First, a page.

“We succeed because we are dreamers, not dividers,” said Kevin de León, president pro tem emeritus of the California Senate. “We succeed because we double down on lifting people up, not putting them down.”
Gathering for a Good Cause
His words were well suited for the launch of UCLA Luskin School of Public Affairs’ Latino Policy and Politics Initiative (LPPI), the first multi-issue effort in nearly a decade to focus on the state’s plurality. The December 6 event in downtown Los Angeles drew 175 students, faculty, elected officials, and community leaders to hear de León and engage with a panel on issues affecting Latinos. The panel was moderated by Lucy Flores, a former Nevada assemblywoman who now serves as vice president for public affairs for mitu, a multimedia enterprise that targets young Latinos.
Latinos are integral to this country’s economic and cultural fabric but face barriers to opportunity. The challenges are as varied as the population itself: Panelist and UCLA law professor Laura E. Gómez says, “Latinos are a diverse community. We are not just men; we are also women. We are not just straight people; we are also gay and transgender people.”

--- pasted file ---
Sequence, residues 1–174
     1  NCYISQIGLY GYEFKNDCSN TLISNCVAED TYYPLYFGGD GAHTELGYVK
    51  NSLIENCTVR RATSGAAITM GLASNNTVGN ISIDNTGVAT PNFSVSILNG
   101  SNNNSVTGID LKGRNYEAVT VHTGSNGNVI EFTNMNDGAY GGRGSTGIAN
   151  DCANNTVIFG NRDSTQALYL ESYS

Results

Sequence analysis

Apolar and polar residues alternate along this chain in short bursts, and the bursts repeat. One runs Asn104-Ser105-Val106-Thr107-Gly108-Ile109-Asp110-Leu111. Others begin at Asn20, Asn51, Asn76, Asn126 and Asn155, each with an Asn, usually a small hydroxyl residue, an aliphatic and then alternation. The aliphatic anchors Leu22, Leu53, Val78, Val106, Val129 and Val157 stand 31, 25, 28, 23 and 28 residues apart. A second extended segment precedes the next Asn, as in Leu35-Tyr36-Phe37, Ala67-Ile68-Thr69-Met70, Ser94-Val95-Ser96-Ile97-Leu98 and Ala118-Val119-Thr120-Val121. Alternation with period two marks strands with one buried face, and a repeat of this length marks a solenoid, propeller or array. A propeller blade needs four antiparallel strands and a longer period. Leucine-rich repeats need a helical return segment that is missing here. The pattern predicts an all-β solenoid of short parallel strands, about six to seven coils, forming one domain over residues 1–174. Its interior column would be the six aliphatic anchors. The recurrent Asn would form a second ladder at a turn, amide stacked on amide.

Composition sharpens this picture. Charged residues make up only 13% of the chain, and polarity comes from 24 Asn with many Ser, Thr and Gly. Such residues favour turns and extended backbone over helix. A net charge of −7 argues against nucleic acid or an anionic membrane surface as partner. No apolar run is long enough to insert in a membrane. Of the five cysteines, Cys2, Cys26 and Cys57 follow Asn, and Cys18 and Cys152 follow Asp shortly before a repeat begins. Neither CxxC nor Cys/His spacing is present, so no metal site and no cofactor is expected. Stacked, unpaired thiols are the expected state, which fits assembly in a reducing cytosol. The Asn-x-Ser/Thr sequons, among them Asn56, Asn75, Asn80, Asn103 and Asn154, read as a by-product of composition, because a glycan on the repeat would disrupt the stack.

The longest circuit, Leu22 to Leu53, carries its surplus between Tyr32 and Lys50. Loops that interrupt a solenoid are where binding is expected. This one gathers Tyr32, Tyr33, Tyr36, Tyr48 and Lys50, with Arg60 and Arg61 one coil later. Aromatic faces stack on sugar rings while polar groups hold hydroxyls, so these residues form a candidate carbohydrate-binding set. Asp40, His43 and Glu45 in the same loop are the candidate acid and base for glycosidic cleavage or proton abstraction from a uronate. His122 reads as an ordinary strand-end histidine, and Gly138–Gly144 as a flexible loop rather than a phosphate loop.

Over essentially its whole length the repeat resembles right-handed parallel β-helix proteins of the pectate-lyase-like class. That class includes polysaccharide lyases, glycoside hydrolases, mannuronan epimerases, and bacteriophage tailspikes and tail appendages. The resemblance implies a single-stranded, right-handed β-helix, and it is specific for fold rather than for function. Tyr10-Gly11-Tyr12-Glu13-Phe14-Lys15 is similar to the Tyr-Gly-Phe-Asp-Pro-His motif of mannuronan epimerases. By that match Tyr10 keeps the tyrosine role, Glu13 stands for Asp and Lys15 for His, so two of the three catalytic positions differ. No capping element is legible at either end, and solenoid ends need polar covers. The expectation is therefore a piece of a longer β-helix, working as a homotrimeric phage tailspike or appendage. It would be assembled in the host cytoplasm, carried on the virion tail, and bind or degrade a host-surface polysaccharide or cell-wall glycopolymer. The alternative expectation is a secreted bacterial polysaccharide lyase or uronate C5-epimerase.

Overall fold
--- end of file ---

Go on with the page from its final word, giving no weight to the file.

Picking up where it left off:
Turning Research into Real-World Results
Across identities and issues — from education and immigration to housing and sustainability — LPPI informs policymaking that benefits communities of color. It convenes UCLA experts, trains new scholars, and translates academics into action by briefing government stakeholders and grassroots groups.
“You can have all the academics in the world, all the data, but it doesn’t make a difference if it just sits in a book on a shelf,” de León added. Fortunately, as UCLA Luskin Dean Gary Segura says, LPPI will “take the data out of those dusty books … in a useful time frame so that policymakers can respond.”
By putting relevant research in the hands of political leaders, UCLA is improving the lives of Latinos — and benefiting people of all backgrounds.
Published March 2018